The Radical Reformation

Wladyslaw Roczniak

in Renaissance and Reformation

ISBN: 9780195399301
Published online July 2011 | | DOI:
The Radical Reformation

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  • Modern History (1700 to 1945)
  • Medieval and Renaissance Philosophy



The reformation of the 16th century challenged the core of traditional Christian theological concepts. Within the myriad small and large changes, one alteration soon came to symbolize and define the newness of the moment: the insistence on the Bible’s availability to and approachability by the individual reader. Since one of the major unintended consequences of such an allowance saw the turning of individual reading into individual interpretation, the Reformation soon splintered into a plethora of competing ideologies, doctrines, and beliefs. Behind the “mainstream” Lutherans, Calvinists, and Zwinglians stood a legion of more radical prophets whose often millenarian, sometime violent, sometime irenic stands propelled their adherents to action and placed them in the crosshairs of both Catholic and Protestant reaction. Popular dissatisfaction with the affairs of the Roman Catholic Church and with the progress and aims of the magisterial-driven Reformations of mainstream Protestant denominations gave voice to these emerging theological strands whose interpretations of the Bible differed quite markedly from standard and accepted models and offered new, often socially revolutionary conclusions. These voices eventually included such disparate groups as the Anabaptists, Mennonites, Hutterites, Spirituals in general, and the Müntzerites, among others, in Continental Europe, and Puritans, Quakers, and Dissenters in England (the English Dissenter groups are collectively dealt with in the separate bibliography “English Reformation”). Called collectively “The Radical Reformation,” after a term coined by George Huntston Williams, these sects displayed a marked variety of religious and social approaches and altered the religious history of Europe and the rest of the world.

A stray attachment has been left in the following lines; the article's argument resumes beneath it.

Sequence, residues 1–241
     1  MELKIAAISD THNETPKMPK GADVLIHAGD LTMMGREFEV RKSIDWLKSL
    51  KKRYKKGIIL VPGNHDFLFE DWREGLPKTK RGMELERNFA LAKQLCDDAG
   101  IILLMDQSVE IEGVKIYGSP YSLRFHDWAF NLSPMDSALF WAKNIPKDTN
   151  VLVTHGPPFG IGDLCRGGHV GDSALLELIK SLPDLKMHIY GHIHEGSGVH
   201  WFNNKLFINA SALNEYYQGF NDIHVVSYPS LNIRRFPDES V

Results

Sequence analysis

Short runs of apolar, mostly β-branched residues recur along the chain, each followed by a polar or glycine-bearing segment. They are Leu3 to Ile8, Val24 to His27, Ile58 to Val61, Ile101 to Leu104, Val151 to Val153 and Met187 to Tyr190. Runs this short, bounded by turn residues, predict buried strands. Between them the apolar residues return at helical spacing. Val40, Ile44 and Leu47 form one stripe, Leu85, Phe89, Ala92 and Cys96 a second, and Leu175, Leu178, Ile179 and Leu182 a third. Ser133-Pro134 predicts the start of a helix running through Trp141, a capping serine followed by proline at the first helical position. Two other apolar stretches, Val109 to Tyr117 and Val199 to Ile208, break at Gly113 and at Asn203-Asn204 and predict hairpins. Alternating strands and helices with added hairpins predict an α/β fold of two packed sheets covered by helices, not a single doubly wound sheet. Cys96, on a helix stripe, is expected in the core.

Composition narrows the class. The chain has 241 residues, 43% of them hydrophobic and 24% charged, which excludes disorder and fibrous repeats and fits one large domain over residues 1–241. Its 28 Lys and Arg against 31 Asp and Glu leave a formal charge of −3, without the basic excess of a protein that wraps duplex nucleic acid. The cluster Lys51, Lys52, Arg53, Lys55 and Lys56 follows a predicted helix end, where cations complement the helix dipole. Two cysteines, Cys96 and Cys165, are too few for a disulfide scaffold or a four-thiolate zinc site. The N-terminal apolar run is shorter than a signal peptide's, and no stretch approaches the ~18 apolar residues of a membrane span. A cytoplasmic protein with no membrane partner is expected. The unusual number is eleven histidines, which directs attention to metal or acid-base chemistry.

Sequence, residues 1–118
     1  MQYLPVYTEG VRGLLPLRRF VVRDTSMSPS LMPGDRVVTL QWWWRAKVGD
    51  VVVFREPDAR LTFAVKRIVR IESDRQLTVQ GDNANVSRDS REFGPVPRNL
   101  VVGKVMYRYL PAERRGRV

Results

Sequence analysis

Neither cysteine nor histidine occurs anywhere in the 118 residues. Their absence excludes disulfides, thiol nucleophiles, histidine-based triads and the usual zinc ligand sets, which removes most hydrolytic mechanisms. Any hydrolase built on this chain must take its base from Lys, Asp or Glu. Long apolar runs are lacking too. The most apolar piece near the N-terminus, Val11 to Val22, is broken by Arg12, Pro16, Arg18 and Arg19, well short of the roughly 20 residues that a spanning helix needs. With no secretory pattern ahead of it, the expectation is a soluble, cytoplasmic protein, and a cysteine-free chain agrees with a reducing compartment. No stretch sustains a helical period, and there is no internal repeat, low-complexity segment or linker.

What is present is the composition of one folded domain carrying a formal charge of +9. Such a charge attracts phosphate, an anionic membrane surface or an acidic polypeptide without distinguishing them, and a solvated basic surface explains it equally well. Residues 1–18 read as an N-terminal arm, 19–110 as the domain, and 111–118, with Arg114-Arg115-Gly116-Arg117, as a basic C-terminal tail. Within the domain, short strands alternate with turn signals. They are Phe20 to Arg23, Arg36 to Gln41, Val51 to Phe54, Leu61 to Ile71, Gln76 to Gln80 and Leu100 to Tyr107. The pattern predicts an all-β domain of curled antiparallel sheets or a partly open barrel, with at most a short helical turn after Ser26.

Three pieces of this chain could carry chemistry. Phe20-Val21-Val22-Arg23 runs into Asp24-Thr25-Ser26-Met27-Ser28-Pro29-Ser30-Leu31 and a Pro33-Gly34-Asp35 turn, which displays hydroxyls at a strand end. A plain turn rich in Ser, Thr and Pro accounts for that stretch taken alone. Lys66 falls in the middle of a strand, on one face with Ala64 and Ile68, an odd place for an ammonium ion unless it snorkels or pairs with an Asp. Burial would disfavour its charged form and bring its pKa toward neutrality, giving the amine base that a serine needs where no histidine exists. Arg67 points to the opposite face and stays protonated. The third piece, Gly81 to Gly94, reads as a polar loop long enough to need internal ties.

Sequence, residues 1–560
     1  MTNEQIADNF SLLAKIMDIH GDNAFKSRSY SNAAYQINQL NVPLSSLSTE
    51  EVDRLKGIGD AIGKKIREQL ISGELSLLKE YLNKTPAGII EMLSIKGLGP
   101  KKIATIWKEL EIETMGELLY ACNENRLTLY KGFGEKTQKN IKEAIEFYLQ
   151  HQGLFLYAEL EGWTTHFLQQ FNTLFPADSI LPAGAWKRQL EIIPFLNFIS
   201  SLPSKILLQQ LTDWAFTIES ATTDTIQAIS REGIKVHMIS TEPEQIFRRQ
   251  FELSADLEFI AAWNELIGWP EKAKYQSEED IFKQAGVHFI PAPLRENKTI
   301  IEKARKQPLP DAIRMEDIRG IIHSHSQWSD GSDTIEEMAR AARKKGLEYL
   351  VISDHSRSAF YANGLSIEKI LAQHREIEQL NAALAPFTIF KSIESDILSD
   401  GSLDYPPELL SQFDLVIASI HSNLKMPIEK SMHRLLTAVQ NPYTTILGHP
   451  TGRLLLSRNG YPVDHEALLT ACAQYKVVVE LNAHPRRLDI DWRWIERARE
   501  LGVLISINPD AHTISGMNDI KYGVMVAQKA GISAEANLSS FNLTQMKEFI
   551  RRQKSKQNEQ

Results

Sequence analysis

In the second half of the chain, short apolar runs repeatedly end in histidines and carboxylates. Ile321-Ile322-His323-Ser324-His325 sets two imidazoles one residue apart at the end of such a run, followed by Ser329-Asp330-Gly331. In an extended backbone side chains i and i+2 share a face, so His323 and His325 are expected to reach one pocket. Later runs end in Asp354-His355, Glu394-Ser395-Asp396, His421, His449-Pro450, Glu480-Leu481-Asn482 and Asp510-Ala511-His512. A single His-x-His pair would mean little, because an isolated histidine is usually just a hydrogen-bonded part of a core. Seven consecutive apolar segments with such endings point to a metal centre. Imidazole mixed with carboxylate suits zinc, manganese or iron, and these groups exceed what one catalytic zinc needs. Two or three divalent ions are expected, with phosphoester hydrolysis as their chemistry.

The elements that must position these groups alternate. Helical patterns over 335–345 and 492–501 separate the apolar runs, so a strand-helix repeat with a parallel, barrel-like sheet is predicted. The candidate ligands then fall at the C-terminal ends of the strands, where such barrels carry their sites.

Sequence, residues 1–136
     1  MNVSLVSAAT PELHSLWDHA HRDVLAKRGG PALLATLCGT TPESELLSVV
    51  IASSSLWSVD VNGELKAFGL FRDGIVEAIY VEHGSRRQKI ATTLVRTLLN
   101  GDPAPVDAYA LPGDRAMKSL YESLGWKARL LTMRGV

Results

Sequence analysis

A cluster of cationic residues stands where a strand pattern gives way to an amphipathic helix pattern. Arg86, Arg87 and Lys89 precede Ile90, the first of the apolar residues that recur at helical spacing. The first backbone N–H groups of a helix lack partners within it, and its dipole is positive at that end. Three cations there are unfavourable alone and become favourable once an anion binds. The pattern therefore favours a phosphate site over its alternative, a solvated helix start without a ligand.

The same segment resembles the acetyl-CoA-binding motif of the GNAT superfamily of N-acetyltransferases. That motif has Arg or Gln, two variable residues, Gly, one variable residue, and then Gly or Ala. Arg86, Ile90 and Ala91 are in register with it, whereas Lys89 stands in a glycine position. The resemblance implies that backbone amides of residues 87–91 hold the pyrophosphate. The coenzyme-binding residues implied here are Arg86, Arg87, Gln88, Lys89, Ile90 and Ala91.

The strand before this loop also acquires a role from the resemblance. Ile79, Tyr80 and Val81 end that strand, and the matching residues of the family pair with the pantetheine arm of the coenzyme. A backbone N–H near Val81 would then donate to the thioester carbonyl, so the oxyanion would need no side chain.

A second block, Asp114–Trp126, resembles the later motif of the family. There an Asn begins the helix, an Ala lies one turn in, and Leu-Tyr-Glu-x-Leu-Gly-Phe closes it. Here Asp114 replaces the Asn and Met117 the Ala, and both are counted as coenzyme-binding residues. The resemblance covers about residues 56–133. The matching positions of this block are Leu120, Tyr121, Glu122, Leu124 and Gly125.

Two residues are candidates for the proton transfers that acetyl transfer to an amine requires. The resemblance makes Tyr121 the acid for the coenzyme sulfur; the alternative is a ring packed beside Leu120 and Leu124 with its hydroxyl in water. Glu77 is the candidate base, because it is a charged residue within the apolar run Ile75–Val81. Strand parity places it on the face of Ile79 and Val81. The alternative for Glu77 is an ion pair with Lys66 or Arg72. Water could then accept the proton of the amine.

Article.  11248 words. 

Subjects: Modern History (1700 to 1945) ; Medieval and Renaissance Philosophy

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